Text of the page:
Sean Starling, Meat & Livestock Australia, will moderate at 3D Food Printing Conference Asia-Pacific, 2 May 2017, Monash University, Melbourne, Australia.
About Sean Starling
Sean Starling is General Manager – Research, Development and Innovation. s member of Meat & Livestock Australia’s executive team, Sean is responsible for MLA’s $170 million annual R&D investment across the Australian red meat industry value chain. Innovation areas cover: global innovation insights; value chain innovation; food safety and industry traceability and integrity systems; product development and value-adding; automation technology; and building industry innovation capability.
Sean has been engaged in food value chains for most of his career. Having worked in a range of organisations and positions from factory engineer to general manager in manufacturing, R&D and engineering organisations, underpins Sean’s ability to work with business and scientific thinkers to facilitate delivery of their concepts into commercial reality. In addition to ensuring no good opportunity is wasted, Sean has a passion of supporting young people to strive and deliver in an ever changing and complex environment.
Meat & Livestock Australia Limited (MLA) delivers research, development and marketing services to Australia’s cattle, sheep and goat producers. MLA has approximately 50,000 livestock producer members who have stakeholder entitlements in the company.
To be the recognised leader in delivering world-class research, development and marketing outcomes that benefit Australian cattle, sheep and goat producers.
Working in collaboration with the Australian Government and wider red meat industry, MLA’s mission is to deliver value to levy payers by investing in initiatives that contribute to producer profitability, sustainability and global competitiveness.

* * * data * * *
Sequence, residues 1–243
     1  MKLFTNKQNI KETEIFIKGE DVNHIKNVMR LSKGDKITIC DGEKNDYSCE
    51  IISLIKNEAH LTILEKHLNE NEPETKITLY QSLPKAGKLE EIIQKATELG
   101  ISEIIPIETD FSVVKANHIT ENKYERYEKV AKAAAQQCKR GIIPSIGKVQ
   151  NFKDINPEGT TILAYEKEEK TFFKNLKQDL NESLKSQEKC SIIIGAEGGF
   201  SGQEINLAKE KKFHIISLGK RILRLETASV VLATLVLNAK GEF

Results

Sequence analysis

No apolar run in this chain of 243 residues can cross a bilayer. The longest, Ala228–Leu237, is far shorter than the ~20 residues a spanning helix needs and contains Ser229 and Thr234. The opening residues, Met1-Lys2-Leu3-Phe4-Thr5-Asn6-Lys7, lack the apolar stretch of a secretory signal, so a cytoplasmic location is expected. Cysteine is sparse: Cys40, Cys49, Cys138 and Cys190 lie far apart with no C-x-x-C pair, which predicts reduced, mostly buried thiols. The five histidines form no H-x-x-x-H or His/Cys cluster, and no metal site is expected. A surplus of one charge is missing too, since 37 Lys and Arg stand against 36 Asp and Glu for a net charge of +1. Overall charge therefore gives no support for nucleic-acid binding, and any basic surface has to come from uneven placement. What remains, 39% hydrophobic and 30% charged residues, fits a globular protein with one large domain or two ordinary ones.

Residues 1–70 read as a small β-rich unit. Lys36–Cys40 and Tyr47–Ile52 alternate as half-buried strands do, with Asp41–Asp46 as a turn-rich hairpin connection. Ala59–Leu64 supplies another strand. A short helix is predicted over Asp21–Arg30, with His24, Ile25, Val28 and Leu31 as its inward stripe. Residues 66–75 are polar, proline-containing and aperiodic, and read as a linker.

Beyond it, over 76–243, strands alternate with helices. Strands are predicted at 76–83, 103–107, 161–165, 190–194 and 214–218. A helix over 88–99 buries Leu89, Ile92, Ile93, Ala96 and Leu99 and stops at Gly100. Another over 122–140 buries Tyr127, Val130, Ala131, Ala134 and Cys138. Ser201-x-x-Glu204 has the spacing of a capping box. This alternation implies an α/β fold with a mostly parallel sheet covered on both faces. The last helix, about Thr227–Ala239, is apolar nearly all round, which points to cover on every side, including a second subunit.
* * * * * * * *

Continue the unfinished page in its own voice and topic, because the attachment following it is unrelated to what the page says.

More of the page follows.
What, When, Where: The 3D Food Printing Conference Asia-Pacific Edition, May 02, 2017, Monash University, Melbourne, Australia
The conference is supported by Meat & Livestock Australia (MLA).
Scope: As with every 3D printing application, there is a lot of hype going on with 3D Food printing. Statements like ‘a 3D Food Printer in every home in 2 years time’ can be heard all the time. Also many start-ups introduce 3D Food printers and people can already now eat 3D printed dinners in restaurants, as it happened during the 2016 European edition of the 3D Food Printing Conference. The reality is that a lot of research and development needs to be done. The promises however are huge, both for professional and consumer markets.
For red meat, 3D printing represents an exciting opportunity to add value to current secondary cuts, trims and by products by developing “meat ink”. Furthermore, in the aged care sector there is a demand for food that is easier to chew and 3D printing provides an opportunity for the red meat industry to offer high protein meals that can be presented in various shapes and sizes, more appetizing that the classical pureed food.
There is a need for creation new business models to meet the demands of different markets who want personalized approaches to nutrients or textures, rather than the current whole muscle product.
The 3D Food Printing Conference will tackle all aspects of these new market opportunities and challenges.
- 3D Printing Technology for Value-Added Red Meat
- Food components: protein, carbohydrates, and fats
- Custom Nutrition
- Food Design
- New value chains
- Hardware developments
- Software developments
- Business models
The 3D Food Printing Conference offers the attendee a platform on the crossroads of science, technology; business in 3D Food Printing. Share knowledge, learn from other professionals and start networking.
Target: Meat producers & meat processing companies | Suppliers to the food industry | Agricultural industry | Hardware / software suppliers | Food research institutions | Regulatory bodies | Trendwatchers | Investors